UK’s leading STEM education charities merge

The Smallpeice Trust and the Arkwright Scholarships Trust are joining forces to offer co-ordinated STEM learning for all

Two of the UK’s leading educational charities, The Smallpeice Trust and the Arkwright Scholarships Trust agreed to formally merge on Thursday 7th December. The combined organisation will operate under The Smallpeice Trust name. Dr Kevin P Stenson, Chief Executive of The Smallpeice Trust, has been named as CEO of the combined organisation, which in addition to being the UK’s largest STEM education charity will now also deliver the UK’s most prestigious engineering Scholarship programme for 16 – 18 year olds. 

The move will offer students between the ages of 11 and 21 years access to leading STEM education and scholarship opportunities throughout their school careers and beyond. This integration will also offer educational institutions, parents and young students a single point of contact for a wide range of STEM resources, courses, scholarships and mentors already working within the engineering and science sectors.

This new model will ensure there is contact with students at the key points in their educational career, to help cultivate a passion for engineering in the critical 14 to 18 age range, when so many students currently decide to look elsewhere for careers. 

The Arkwright Scholarships Trust awarded 425 Scholarships to students this year, and The Smallpeice Trust reached 50,000 school students, through 700 programmes organised across the UK. The significant success of both organisations in recent years provides a real platform to help solve a ‘once in a generation’ challenge, with over 1.8 million engineers needed by 2022. There is hope that a more integrated approach will provide a catalyst for a change in culture throughout the education system by ensuring enthusiastic children do not run out of opportunities to develop engineering and science skills, and for schools and institutions to provide a clearer path to achieve their goals at every stage of education.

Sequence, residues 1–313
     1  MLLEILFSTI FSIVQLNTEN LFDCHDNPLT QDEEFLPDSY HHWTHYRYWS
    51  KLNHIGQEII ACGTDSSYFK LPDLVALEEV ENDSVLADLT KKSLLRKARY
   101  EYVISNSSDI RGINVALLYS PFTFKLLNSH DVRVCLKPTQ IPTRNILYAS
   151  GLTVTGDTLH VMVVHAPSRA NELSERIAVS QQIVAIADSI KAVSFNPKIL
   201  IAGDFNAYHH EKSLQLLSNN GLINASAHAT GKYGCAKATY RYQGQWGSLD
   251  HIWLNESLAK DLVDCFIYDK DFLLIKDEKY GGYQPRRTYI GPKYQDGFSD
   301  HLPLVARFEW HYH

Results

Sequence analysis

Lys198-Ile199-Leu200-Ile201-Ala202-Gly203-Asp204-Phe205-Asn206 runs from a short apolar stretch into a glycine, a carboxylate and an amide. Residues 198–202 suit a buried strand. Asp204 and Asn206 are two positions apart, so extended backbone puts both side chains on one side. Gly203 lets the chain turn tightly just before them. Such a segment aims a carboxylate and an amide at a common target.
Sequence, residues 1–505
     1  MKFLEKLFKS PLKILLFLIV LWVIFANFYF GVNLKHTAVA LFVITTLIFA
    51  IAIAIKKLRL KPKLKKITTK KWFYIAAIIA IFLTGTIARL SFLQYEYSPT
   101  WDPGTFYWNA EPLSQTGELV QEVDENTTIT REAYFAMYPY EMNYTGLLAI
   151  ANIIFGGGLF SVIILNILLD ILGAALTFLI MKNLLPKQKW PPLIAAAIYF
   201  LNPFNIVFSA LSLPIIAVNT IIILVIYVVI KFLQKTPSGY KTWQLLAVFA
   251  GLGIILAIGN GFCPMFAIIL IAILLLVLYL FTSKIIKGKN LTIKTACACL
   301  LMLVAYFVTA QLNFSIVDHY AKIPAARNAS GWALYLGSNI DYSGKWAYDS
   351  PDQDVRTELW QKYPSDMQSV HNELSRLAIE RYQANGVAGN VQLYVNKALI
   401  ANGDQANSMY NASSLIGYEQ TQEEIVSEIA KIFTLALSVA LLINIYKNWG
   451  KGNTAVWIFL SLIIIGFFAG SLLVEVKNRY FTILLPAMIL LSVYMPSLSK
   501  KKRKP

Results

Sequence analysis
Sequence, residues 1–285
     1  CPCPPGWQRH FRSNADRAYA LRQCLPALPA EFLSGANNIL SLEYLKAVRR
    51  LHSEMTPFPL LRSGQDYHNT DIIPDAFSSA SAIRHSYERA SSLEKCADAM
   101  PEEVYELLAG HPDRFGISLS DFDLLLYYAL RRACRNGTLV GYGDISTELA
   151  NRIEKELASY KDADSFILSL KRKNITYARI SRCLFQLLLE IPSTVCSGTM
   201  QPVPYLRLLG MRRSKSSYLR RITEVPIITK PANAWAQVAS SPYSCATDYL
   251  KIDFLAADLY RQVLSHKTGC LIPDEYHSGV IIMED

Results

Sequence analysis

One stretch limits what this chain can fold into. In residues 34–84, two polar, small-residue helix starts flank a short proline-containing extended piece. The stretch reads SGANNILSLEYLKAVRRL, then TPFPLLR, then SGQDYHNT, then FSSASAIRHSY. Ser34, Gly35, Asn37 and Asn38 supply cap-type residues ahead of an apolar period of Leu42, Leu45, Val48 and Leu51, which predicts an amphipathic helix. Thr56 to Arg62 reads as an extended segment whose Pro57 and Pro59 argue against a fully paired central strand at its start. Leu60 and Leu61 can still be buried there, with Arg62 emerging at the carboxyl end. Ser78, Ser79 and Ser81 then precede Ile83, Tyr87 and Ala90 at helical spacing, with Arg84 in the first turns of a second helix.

Dr Kevin Stenson

Dr Kevin P Stenson, Chief Executive of The Smallpeice Trust and Arkwright Scholarships Trust says, “The full integration of the two fantastic charities within the Smallpeice Group of charities will offer so much to all of our stakeholders, from the teachers at schools and universities entrusted with the task of preparing UK students for the future world of work, to the CEOs of UK advanced manufacturers who are looking for new skilled engineering workers to meet demand.

“I and the Board of Trustees believe that a combined organisation can support young people, irrespective of their background or academic ability, on a STEM journey that transforms their lives for the benefit of UK engineering, be that as an apprentice, graduate, technician, or future leader.”

The benefits of the merger for school leaders and teachers is the creation of access to a single point of resources for co-ordinated STEM lesson kits, school STEM Days, residential courses, all the way through to Engineering Scholarships offering financial incentives to students and affiliated schools. This will allow schools to work with the joint organisation to develop a STEM programme that serves each stage of school life from age 11 to 18 and then through higher education to 21 years, and provide access to a generation of STEM ambassadors that have developed through the ranks.

Rachael Warwick, Executive Headteacher of Ridgeway Education Trust, comments, “Education institutions are committed to providing opportunities which provide all young people with a route from education into work.  Schools often have initial success inspiring children with the possibilities of engineering careers through STEM lessons, but maintaining interest and passion, particularly during the critical years of 14 to 18, can prove challenging. This merger between two highly respected, well-resourced organisations provides the all-through programme of STEM support that the education sector has been seeking.”

Phillip Greenish CBE, Chief Executive, Royal Academy of Engineering, adds, “With the landscape of UK engineering and manufacturing evolving, it is essential that organisations such as The Smallpeice Trust and the Arkwright Scholarships Trust continue to adapt their offer to meet the needs of industry in the 21st Century. This merger offers a welcome consolidation and a forward looking approach helping young people understand and prepare for exciting careers in 21st century engineering. I welcome the move.”